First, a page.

Solar-Powered Plane Makes 7-10 Day Stop in Dallas - NBC 5 Dallas-Fort Worth

Solar-Powered Plane Makes 7-10 Day Stop in Dallas

Plane arrived in DFW at about midnight



    A solar-powered plane that has wowed aviation fans in Europe arrived at Dallas-Fort Worth International Airport at about midnight Thursday. (Published Thursday, May 23, 2013)

    A solar-powered plane that has wowed aviation fans in Europe arrived at Dallas-Fort Worth International Airport at about midnight Thursday.

    The plane, Solar Impulse, is traveling across the United States with stops in Phoenix; Dallas; Washington, D.C.; and New York.

    The plane will stay in DFW for about a week.

    The striking plane has number of LEDs on the leading edge of the 208-foot wings, which led to a number of calls about UFOs as the plane landed in Phoenix earlier this month.

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    Solar Impulse, considered the world's most advanced solar-powered plane, will stop for seven to 10 days at major airports in each city so the pilots can display and discuss the aircraft with reporters, students, engineers and aviation fans.

    "There is no other airplane in the world that can fly day and night without fuel," said Bertrand Piccard, Solar Impulse co-founder and chairman. "It's [a] most extraordinary plane flying today."

    The plane plans to reach New York's Kennedy Airport in early July -- without using a drop of fuel, its creators said.

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    Between Dallas and Washington, D.C., the plane will also stop at one of three other cities: Atlanta, Nashville or St. Louis, said André Borschberg, Solar Impulse's co-founder, pilot and CEO. Each leg of the flight will run 20 to 25 hours.

    "We want to inspire the young generation to become pioneers, to help them find and develop their passion," Borschberg said.

    The Solar Impulse is powered by about 12,000 photovoltaic cells that cover massive wings and charge its batteries, allowing it to fly day and night without jet fuel. It has the wing span of a commercial airplane but the weight of the average family car, making it vulnerable to bad weather.

    The great adventure of the 21st century -- it's not to go back on the moon," Piccard said. "It's to implement this clean technology, save our natural resources while at the same time to create jobs and have a better life on this planet."

    Its creators say the Solar Impulse is designed to showcase the potential of solar power and will never replace fuel-powered commercial flights. The delicate, single-seat plane cruises around 40 miles per hour and can't fly through clouds.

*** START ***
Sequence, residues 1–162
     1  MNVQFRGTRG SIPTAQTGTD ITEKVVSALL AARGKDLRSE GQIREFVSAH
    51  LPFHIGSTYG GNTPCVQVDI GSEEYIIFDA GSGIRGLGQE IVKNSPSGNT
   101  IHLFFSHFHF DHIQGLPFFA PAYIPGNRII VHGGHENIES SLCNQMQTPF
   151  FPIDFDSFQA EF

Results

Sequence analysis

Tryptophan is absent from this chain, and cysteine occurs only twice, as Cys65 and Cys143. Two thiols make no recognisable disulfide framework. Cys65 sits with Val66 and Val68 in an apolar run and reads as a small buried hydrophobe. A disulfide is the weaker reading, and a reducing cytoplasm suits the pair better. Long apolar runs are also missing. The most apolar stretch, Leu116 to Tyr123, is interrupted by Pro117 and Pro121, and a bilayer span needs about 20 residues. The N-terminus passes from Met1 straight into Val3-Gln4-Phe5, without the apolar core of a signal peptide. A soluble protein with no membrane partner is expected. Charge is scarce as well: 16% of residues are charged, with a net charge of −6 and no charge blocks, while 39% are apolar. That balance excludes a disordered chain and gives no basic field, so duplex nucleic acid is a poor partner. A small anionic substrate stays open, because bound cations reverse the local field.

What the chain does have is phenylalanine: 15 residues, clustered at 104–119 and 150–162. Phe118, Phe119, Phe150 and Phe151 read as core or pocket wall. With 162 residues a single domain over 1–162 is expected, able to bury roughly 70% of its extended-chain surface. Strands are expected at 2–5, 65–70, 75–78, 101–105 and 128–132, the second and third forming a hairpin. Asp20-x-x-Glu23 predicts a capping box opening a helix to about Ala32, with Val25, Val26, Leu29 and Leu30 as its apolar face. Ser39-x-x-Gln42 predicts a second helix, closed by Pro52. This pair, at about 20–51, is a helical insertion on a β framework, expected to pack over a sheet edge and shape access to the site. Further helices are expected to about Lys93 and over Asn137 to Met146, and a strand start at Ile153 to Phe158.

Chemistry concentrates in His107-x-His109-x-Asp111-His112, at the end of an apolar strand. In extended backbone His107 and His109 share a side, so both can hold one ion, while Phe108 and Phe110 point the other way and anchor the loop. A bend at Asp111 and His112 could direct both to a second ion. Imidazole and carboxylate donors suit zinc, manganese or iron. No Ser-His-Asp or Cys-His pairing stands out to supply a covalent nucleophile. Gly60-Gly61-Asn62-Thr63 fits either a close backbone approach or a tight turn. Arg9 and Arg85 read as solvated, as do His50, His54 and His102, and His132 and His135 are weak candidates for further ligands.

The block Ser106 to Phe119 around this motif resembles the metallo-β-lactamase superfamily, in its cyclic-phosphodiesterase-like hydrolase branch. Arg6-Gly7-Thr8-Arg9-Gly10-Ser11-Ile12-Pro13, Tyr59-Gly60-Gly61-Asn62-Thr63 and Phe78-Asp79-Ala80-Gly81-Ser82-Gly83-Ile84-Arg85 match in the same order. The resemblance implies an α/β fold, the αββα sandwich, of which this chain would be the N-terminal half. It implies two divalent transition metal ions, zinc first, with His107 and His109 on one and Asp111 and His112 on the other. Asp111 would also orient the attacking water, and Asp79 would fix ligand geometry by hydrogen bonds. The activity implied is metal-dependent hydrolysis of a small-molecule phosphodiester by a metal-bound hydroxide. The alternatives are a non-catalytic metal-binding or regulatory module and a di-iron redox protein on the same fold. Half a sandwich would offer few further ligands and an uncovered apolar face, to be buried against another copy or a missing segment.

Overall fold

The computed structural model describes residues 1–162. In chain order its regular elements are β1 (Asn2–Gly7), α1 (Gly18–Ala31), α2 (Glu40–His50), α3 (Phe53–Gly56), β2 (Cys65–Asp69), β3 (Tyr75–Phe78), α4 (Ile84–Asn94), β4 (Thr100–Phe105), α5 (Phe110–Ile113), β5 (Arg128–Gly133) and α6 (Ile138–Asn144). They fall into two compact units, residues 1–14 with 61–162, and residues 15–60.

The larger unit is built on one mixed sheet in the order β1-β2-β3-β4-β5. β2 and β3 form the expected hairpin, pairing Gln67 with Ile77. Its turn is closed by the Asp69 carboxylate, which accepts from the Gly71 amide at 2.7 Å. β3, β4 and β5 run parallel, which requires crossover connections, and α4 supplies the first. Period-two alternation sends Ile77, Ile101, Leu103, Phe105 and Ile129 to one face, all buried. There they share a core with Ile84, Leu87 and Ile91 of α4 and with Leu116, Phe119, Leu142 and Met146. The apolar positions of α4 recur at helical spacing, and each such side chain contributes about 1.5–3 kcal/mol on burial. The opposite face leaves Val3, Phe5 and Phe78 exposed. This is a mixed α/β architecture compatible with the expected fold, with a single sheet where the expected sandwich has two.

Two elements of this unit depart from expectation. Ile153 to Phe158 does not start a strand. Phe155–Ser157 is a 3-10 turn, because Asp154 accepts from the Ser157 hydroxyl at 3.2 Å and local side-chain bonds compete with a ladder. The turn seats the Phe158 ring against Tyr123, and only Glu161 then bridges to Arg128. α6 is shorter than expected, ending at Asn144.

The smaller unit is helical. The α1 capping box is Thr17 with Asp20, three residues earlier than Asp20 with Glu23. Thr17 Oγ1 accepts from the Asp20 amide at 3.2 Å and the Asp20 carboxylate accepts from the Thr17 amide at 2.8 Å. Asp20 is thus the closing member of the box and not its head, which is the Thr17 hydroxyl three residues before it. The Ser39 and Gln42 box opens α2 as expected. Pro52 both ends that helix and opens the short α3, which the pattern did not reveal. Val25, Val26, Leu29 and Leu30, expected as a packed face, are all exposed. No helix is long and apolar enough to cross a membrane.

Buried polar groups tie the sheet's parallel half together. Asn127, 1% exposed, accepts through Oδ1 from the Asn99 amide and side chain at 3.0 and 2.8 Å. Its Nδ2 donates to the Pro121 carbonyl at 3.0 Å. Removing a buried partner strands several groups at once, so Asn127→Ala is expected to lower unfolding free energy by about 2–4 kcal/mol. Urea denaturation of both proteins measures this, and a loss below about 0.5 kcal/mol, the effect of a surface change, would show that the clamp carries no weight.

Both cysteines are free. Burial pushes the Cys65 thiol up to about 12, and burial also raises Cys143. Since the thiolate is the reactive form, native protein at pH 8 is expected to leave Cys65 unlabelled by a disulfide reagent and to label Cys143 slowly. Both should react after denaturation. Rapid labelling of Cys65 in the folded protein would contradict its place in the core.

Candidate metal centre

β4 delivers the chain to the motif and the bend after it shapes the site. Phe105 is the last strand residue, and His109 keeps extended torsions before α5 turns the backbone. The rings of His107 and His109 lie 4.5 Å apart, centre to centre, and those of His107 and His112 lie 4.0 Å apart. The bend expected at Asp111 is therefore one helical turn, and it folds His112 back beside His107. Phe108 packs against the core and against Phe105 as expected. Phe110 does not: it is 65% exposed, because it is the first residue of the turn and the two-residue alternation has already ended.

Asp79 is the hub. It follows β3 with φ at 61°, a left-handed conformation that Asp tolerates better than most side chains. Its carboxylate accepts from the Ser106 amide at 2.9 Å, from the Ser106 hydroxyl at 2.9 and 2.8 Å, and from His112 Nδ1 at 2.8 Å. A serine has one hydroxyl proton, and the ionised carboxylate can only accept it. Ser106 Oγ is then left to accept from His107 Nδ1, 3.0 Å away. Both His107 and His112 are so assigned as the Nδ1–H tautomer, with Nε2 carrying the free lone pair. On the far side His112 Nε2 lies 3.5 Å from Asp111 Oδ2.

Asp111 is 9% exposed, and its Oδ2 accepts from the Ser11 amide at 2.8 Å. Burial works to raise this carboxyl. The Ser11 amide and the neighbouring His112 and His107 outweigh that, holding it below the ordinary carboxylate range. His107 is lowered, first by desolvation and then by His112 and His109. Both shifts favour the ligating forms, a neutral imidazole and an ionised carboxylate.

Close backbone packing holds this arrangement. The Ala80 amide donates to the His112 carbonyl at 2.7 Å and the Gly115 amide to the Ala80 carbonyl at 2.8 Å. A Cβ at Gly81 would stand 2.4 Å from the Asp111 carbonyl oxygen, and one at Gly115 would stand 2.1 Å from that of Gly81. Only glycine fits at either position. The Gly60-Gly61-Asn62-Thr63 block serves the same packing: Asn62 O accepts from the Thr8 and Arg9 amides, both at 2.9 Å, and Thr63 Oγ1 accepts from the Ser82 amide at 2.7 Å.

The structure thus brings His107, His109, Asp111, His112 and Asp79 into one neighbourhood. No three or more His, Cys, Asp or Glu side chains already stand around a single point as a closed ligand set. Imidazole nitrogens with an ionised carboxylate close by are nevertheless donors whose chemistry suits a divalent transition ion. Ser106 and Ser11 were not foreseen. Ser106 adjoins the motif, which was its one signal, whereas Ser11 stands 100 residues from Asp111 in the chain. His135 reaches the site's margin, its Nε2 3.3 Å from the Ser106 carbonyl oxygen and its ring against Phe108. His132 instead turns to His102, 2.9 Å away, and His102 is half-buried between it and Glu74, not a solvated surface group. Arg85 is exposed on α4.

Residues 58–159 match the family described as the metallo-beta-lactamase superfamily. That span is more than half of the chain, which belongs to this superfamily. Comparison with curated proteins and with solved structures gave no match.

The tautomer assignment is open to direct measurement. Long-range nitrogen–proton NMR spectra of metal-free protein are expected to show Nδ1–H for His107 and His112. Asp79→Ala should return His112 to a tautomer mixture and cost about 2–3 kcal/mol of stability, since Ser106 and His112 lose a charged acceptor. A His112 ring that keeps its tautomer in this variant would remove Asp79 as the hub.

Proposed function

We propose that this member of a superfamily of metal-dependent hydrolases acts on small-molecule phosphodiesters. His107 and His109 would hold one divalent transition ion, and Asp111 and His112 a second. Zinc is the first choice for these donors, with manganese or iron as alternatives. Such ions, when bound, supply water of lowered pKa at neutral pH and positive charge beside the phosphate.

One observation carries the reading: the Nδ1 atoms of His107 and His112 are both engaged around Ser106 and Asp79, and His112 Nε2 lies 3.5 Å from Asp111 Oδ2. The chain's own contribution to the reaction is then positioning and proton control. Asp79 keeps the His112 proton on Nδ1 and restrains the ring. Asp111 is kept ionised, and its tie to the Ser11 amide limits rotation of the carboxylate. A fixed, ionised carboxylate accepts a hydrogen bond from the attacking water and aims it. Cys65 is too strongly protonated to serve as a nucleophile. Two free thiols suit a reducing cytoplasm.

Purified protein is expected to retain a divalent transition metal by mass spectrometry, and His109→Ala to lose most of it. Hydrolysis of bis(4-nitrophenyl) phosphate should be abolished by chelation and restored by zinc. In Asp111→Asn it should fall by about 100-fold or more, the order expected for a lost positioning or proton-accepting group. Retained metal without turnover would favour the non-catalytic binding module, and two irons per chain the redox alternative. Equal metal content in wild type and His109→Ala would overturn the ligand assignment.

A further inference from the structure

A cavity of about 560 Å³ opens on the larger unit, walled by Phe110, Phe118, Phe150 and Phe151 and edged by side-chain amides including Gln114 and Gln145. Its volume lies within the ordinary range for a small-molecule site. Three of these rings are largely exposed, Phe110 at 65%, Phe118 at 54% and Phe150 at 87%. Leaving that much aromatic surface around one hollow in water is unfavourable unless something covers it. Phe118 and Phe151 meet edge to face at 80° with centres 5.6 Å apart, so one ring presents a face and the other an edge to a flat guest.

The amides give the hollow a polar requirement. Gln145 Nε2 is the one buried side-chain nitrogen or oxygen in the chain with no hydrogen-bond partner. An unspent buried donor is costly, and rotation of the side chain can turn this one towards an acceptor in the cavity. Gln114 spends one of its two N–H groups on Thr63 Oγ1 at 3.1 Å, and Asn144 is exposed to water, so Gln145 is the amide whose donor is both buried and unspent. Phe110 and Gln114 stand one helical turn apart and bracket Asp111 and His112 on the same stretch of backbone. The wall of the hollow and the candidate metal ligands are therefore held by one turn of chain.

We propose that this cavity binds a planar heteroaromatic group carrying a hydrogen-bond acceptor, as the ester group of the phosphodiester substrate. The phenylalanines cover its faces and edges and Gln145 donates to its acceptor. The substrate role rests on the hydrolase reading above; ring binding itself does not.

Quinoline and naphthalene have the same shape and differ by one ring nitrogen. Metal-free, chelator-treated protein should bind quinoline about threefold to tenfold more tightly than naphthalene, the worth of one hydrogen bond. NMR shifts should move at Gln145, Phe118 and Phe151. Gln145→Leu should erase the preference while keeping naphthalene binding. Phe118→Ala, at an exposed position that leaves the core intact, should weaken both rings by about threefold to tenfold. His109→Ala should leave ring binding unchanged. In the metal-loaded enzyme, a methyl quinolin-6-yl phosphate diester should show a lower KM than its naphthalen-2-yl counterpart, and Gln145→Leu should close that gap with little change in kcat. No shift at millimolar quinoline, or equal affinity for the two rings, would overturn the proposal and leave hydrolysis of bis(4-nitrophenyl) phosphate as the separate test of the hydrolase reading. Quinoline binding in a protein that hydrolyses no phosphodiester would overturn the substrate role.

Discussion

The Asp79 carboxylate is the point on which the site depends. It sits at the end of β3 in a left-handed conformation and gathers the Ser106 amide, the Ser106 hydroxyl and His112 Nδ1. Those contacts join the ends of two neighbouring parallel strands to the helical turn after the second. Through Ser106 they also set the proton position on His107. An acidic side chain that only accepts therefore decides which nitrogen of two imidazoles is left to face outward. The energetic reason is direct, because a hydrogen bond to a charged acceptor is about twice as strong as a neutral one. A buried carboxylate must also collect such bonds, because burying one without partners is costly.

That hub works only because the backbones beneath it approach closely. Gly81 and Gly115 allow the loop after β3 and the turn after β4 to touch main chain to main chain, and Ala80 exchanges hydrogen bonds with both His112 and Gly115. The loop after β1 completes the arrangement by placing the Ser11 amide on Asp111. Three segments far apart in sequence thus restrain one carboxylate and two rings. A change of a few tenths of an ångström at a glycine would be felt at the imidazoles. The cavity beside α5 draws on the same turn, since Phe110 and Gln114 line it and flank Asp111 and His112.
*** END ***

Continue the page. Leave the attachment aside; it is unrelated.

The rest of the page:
"The more you fly the more energy you have stored in the batteries, so it's absolutely fabulous to imagine all the possibilities the people can have with these technologies in their daily lives," Piccard said.

    In 2010, the solar plane flew nonstop for 26 hours to demonstrate that the aircraft could soak up enough sunlight to keep it airborne through the night. A year later, it went on its first international flight to Belgium and France.

    Last year, the Solar Impulse made its first transcontinental voyage, traveling 1,550 miles from Madrid to the Moroccan capital Rabat in 20 hours.

    Before its coast-to-coast American trip, the Solar Impulse will take test flights around the San Francisco Bay Area in April, officials said.

    Piccard and Borschberg are planning an around-the-world flight in an improved version of the plane in 2015.

    Piccard comes from a line of adventurers. His late father, Jacques, was an oceanographer and engineer who plunged deeper into the ocean than any other person. His grandfather Auguste, also an engineer, was the first man to take a balloon into the stratosphere.

    Bertrand Piccard and Brian Jones made history in 1999 when they became the first people to circle the globe in a hot air balloon, flying 25,000 miles nonstop for 20 days.

    The name Piccard has other resonance to fans of fictional exploration; the producers of Star Trek: The Next Generation named Capt. Jean-Luc Picard after Auguste Piccard, Bertrand's grandfather.

    NBC 5's Frank Heinz and Andres Gutierrez contributed to this report.